Saturday, March 29, 2008



1. Do what you love.

2. Embrace the whole creative process.

3. Find your tribe and share art and ideas.

4.Balance your time between solitude for making art, the time spent with family and friends as well as time to do the things that feed your soul.

5.Record ideas in a notebook. Keep a file for cuttings, sketches, quotes and inspiration.

6. Begin!.......even if its one small step everyday.

7. Keep moving. No stagnation. When you feel stuck, do something ..... anything, even if it's just writing a journal entry. Writing often stimulates the creative process.

8. Remember to replenish especially after a long work phase .

9. Show your work. It's no good hiding it. Start by sharing with the people that "get you" and slowly widen this circle as your confidence grows.

10. Losing myself in my work is my ultimate goal. My daily meditation.

Wednesday, March 19, 2008


This is my interpretation of the Dogon creation myth. I carved the three panels several years ago and have repeated the theme many times over.

In Dogon mythology the world was likened to a granary, divided into compartments to hold the people, animals and seeds that God planned to send down to earth. The first granary came tumbling down from heaven on a rainbow, having been loosened from it's riggings by a bolt of lightening. It crashed to the earth, splitting open on impact and the contents scattered across the land. Seeds began to take root and man settled where the millet grew best. Thus, life on earth began.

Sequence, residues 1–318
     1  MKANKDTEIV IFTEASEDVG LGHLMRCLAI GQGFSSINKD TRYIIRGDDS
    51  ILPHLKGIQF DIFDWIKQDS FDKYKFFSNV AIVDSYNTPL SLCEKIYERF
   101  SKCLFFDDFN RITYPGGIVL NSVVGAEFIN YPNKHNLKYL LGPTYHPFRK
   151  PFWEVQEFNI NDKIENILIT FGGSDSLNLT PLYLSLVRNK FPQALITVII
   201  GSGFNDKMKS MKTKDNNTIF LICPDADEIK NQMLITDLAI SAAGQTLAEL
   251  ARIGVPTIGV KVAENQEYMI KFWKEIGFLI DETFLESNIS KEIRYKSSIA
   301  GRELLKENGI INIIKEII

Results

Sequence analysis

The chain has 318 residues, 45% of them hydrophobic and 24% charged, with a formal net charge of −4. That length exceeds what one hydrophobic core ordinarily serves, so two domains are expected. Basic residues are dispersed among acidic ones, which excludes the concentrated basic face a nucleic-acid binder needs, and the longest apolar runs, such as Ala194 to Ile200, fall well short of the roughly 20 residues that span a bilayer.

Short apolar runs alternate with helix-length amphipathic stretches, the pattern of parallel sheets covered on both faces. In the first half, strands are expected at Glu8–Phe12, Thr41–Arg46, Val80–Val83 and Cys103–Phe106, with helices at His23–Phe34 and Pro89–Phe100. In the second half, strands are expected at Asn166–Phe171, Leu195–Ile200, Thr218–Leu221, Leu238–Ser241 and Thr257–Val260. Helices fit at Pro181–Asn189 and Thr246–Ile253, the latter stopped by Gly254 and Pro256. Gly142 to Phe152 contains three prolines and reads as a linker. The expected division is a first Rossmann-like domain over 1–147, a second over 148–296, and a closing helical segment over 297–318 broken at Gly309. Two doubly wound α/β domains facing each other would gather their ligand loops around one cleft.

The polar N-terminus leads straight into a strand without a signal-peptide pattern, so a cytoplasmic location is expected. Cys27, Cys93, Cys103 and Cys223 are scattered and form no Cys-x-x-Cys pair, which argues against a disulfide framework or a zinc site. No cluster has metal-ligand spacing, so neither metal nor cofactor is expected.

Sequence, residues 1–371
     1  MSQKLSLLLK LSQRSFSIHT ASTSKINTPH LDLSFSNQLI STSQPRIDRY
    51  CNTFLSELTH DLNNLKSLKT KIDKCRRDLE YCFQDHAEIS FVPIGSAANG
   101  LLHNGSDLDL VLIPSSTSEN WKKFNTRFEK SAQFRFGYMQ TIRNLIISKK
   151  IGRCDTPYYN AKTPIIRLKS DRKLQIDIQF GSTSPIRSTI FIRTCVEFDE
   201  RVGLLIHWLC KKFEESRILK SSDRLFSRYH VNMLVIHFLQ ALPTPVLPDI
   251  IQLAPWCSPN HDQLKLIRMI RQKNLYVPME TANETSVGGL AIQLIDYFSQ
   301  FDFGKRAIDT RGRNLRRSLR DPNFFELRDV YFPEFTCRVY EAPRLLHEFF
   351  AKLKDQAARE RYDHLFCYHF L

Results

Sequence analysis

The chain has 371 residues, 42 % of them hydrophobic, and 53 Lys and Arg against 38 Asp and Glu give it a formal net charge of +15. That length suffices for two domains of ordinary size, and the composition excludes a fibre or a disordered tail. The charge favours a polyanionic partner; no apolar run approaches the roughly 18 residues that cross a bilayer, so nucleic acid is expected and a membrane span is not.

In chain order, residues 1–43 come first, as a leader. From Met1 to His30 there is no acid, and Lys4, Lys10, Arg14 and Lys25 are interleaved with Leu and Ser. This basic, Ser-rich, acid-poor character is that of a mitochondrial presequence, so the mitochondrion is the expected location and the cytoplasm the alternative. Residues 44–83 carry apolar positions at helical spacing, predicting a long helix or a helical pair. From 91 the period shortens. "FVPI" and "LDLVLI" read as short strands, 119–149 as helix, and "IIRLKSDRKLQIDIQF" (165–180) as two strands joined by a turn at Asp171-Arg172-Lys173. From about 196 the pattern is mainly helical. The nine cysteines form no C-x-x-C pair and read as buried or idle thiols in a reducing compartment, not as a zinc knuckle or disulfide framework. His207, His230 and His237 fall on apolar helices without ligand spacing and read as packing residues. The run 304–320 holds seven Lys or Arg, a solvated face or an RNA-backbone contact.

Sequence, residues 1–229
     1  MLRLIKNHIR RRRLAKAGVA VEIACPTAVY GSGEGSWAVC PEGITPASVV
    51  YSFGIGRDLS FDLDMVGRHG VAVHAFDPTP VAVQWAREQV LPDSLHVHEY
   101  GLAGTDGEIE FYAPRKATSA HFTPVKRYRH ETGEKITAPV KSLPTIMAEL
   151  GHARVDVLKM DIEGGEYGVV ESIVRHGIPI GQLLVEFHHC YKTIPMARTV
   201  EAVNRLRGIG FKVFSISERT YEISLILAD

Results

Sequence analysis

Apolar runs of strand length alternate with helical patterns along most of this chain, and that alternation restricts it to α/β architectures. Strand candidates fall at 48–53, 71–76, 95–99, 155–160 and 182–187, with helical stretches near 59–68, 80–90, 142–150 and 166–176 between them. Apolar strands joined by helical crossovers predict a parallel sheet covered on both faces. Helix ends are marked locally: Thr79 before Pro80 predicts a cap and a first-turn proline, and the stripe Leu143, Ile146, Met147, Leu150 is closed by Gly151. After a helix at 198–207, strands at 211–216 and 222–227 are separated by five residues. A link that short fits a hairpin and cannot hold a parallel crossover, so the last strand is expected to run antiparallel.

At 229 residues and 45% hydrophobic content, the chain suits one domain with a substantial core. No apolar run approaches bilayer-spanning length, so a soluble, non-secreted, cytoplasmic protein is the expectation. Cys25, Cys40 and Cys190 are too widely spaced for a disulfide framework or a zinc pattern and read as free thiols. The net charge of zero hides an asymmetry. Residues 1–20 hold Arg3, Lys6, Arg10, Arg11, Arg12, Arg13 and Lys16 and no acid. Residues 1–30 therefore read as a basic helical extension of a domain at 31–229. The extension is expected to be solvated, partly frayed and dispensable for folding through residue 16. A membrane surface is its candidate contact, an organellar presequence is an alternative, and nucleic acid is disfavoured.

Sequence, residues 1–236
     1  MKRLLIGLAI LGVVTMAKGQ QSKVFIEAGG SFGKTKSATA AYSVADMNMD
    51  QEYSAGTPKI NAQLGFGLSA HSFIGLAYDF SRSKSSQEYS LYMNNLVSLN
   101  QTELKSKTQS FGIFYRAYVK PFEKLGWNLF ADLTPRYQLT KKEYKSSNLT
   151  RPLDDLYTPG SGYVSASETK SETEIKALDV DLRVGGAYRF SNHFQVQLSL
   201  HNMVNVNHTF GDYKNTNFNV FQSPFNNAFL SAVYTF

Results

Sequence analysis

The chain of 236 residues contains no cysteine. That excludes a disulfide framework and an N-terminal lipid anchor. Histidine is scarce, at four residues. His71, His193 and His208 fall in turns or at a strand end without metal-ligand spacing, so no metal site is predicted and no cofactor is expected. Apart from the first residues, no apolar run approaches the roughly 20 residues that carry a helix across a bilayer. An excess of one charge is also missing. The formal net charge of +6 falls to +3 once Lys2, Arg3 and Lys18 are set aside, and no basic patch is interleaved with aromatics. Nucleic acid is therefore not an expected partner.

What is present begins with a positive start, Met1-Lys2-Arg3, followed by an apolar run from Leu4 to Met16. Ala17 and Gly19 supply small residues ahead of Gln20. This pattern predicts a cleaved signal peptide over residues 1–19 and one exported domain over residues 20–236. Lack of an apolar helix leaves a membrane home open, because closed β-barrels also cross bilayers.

There are many more details to this myth which I won't go into here because they would fill a book but let me share some of the background and symbolism in the panels that I've created.

The Dogon tribe of Mali store grain in tall clay granaries with thatched rooves and tiny doorways big enough for a small person to squeeze through.

This dogon granary is being filled with millet. A third person climbed through the top door and is inside stacking the millet. This photograph belongs to Hugo. See more of his photos on Flickr, here.

The photograph above is a genuine granary door in my own collection. The rows of figures at the top of the door depict the ancestors that guard the grain.

~The meaning behind each animal, colour, pattern and symbol differs slightly from country to country within Africa

~The God on horseback (middle panel) is named Nomo. He is guardian of the earth and there are many stories told about him.

~The horse was the first animal to leave the granary and it signifies power and chieftanship.

~The leopard is equated with the ruler because both are dangerous and powerful.

~The hornbill which is perched on the roof in the end panel signifies the continuance of man. He is also mediator between heaven and earth and he will transfer the dead to the other side.

~The snake encircles the earth to keep the oceans from flowing away or the people from falling off.

~The union between God and Earth produced sacred twins. It is believed that gods are born in pairs.

~The black and white check pattern represents the separation of dark from light, good from evil, ignorance from knowledge and male from female.

~The zig zag patterns signify the path of the ancestors.

There's so much more to each image than meets the eye. African mythology is mysterious and exciting and gives me a reason to be passionate about what I do. I love it!